Sub­stance is used to ease pain, anx­i­ety and opioid with­drawal

The Washington Post - - FRONT PAGE - More at wash­ing­ news/ to-your-health BY LAU­RIE MCGIN­LEY lau­rie.mcgin­ley@wash­

has is­sued a warn­ing against the her­bal sup­ple­ment kratom, which has been linked to 36 deaths.

The Food and Drug Ad­min­is­tra­tion is­sued a strong warn­ing Tues­day to con­sumers to stay away from the her­bal sup­ple­ment kratom, say­ing reg­u­la­tors are aware of 36 deaths linked to prod­ucts con­tain­ing the sub­stance.

Con­sumers are in­creas­ingly us­ing the sup­ple­ment, which comes from a plant in South­east Asia, for pain, anx­i­ety and de­pres­sion, as well as symp­toms of opioid with­drawal. The herb also is used recre­ation­ally be­cause it pro­duces symp­toms such as eu­pho­ria. Pro­po­nents say it is a safe way to deal with chronic pain and other ail­ments, and some re­searchers are ex­plor­ing its ther­a­peu­tic po­ten­tial, in­clud­ing help­ing peo­ple over­come ad­dic­tions.

But in a state­ment, FDA Com­mis­sioner Scott Got­tlieb said there is no “re­li­able ev­i­dence” to sup­port the use of kratom as a treat­ment for opioid-use dis­or­der, and there are no other FDAap­proved uses for kratom.

Rather, he said, ev­i­dence shows that the herb has sim­i­lar ef­fects to nar­cotics like opi­oids “and car­ries sim­i­lar risks of abuse, ad­dic­tion and, in some cases, death.” He said calls to U.S. poi­son con­trol cen­ters in­volv­ing kratom in­creased ten­fold be­tween 2010 and 2015, and the herb is as­so­ci­ated with side ef­fects in­clud­ing seizures, liver dam­age and with­drawal symp­toms.

Last year, the Drug En­force­ment Ad­min­is­tra­tion pro­posed tem­po­rar­ily plac­ing the drug into Sched­ule 1 of the Con­trolled Sub­stances Act, which ef­fec­tively would have banned its use. But the agency back­tracked af­ter a pub­lic out­cry and pres­sure from some mem­bers of Congress. It asked the FDA to ex­pe­dite a sci­en­tific and med­i­cal eval­u­a­tion — in­clud­ing whether kratom has any med­i­cal use — and a rec­om­men­da­tion for how to han­dle the com­pounds in kratom.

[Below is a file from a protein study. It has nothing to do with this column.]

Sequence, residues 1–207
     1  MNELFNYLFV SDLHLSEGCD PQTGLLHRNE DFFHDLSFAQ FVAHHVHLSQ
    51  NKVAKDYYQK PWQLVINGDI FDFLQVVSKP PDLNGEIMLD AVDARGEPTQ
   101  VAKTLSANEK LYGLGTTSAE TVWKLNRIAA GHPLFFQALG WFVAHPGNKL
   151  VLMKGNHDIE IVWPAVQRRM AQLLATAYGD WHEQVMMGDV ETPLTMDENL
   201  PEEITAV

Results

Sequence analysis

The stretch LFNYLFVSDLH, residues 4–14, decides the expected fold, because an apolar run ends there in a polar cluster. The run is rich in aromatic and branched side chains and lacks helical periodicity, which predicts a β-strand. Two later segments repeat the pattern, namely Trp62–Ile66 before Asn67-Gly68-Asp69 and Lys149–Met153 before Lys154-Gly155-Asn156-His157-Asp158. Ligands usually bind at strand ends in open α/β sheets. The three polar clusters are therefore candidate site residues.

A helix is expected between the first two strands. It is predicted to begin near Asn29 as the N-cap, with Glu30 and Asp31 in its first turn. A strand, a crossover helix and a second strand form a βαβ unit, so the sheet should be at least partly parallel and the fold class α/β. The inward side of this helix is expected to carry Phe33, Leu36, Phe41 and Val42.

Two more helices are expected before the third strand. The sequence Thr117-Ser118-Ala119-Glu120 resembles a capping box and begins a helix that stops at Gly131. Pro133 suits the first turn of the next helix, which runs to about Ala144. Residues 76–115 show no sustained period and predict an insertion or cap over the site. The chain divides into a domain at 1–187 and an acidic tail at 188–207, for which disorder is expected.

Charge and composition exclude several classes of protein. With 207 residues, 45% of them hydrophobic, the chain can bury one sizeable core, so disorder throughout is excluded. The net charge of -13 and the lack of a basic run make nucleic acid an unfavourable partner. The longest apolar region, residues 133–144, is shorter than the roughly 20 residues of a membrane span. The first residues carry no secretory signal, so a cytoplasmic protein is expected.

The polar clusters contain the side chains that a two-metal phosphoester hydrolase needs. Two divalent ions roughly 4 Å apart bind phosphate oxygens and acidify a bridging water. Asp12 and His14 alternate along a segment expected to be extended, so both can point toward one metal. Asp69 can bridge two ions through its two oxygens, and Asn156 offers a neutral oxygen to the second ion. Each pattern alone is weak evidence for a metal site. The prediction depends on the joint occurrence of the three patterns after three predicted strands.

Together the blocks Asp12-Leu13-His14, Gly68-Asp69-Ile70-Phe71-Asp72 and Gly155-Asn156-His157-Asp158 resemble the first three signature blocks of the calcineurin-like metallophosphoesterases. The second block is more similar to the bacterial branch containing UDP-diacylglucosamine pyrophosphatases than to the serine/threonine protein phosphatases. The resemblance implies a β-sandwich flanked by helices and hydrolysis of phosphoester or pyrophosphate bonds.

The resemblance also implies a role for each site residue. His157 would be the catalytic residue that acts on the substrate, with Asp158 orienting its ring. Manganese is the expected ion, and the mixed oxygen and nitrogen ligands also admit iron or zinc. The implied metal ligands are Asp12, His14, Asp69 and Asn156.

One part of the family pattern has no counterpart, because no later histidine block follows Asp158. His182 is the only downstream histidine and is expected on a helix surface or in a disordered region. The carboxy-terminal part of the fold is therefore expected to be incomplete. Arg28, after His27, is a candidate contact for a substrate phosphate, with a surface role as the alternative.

DEA spokesman Melvin Pat­ter­son said Tues­day that once the agency re­ceives the FDA’s re­port, it will de­cide whether kratom should be reg­u­lated as a con­trolled sub­stance and if so, into which sched­ule, or clas­si­fi­ca­tion, it should be placed.

The herb is banned in sev­eral states, in­clud­ing Alabama, Arkansas, In­di­ana, Ten­nessee and Wis­con­sin. Got­tlieb said the FDA is treat­ing kratom as an un­ap­proved drug and also has taken ac­tion against kratom­con­tain­ing di­etary sup­ple­ments. If the plant is use­ful in treat­ing var­i­ous con­di­tions, a man­u­fac­turer should go through the agency’s reg­u­lar dru­gap­proval process to prove the prod­uct is safe and ef­fec­tive, he added. Mean­while, the FDA is work­ing to pre­vent ship­ments of kratom from en­ter­ing he coun­try.

Jack Hen­ning­field, an ad­dic­tion spe­cial­ist who works at the drug pol­icy con­sult­ing group Pin­ney As­so­ciates, which has done work for the Amer­i­can Kratom As­so­ci­a­tion, said sur­veys have shown that peo­ple us­ing opi­oids to treat pain or sat­isfy an ad­dic­tion were able to stop us­ing them by drink­ing kratom tea. He said kratom's “over­all abuse po­ten­tial and risk of death isn’t any­thing close to nar­cotics like opi­oids”, and re­strict­ing or ban­ning the sub­stance could drive some peo­ple back to opi­oids or onto the black mar­ket to get kratom.

In a study last year for the Amer­i­can Kratom As­so­ci­a­tion, Hen­ning­field, also an ad­junct pro­fes­sor of be­hav­ior pol­icy at Johns Hop­kins, found that ef­fec­tively ban­ning kratom “is not war­ranted from a pub­lic health per­spec­tive and is more likely to cause pub­lic health prob­lems that do not ex­ist.”

The Amer­i­can Kratom As­so­ci­a­tion says on its web­site that kratom is not habit-form­ing, but if it is taken in high amounts over long pe­ri­ods of time, con­sumers may ex­pe­ri­ence a de­pen­dence sim­i­lar to caf­feine de­pen­dence.

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